The first time James Stewart was on a motorcycle, he wasn’t riding at risky speeds. He was 3 days old when his father, James Sr., took him for his first ride. By the time he was 4 years old, Stewart was competing, riding tiny dirt bikes against a slew of tiny competitors. By age 7, he had his first sponsor, Oakley. By 10, he was outracing kids five years his senior. By 16, he had turned pro. To make all that happen, James Sr. was working 70-hour weeks and collecting recyclable tin cans to pay for his son’s pricey gear and training.

“I’m different than
other riders
because I always
have the mentality
that I can do anything on
the racetrack.”

That investment has paid off handsomely.­ “When I came into racing, I had no real thought of making money at this,” says Stewart, who grew up 40 miles south of Orlando, Fla., near tiny Haines City and who speaks with a subtle Southern accent and the slow cadence of a surfer dude. “I just wanted to win. But one day in 2004, I looked at the bank account and I thought, ‘Wow, like, there is actually a lot of money in here from racing.’ ”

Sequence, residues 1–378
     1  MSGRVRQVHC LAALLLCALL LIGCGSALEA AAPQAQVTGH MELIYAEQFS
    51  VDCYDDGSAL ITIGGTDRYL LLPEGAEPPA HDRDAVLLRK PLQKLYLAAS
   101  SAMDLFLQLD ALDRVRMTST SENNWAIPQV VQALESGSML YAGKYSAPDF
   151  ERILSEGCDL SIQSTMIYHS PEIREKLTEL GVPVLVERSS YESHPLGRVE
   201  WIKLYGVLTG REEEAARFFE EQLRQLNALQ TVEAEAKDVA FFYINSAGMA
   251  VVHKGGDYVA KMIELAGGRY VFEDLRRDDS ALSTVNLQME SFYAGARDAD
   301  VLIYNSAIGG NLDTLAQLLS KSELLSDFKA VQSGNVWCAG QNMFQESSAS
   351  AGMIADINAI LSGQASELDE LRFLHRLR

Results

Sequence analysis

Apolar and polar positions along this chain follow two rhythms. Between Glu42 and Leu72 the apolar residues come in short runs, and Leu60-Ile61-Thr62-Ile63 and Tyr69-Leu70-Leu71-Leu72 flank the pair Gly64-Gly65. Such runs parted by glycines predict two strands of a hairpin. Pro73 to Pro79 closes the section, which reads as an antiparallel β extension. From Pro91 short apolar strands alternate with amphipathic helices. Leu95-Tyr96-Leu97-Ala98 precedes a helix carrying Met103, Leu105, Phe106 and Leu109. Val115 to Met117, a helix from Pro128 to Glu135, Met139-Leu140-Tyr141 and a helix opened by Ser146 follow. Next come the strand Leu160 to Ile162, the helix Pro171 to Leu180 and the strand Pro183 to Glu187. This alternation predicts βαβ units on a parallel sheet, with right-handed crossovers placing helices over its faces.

The money was, and is, there because Stewart was winning and because ­sponsors have clamored to attach themselves to a unique athlete — a black man in a white man’s sport who rides at breakneck speeds. But Stewart is not just a daredevil; he’s an innovator. Among other things, he reinterpreted a move called “the scrub” — a move where riders twist their bikes when going over a jump so as to push themselves back toward the ground as fast as possible. Stewart performed that so-called “Bubba Scrub” plenty of times on his reality series, Bubba’s World, which aired for one season on Fuel TV.

“I have never wanted people to accept me just because I look different,” Stewart says. “I wanted them to accept me because I was a great motorcycle racer. With me, there is an excitement level. You don’t know what is going to happen. You just want to watch.”

Many more people are, in fact, watching, in no small part thanks to Stewart. ­Supercross — the glam, indoor, winter ­counterpart to muddier, grittier outdoor Motocross that Stewart also competes in — had record TV ratings in 2012, and Supercross events at Angel Stadium in Anaheim, Calif., and the Georgia Dome in Atlanta sold out last year, contributing to record attendance.

“When I got into this, you could look around the stadium and there would maybe­ be one black person there,” Stewart says. “Now there is a mix, and there are other black kids racing.”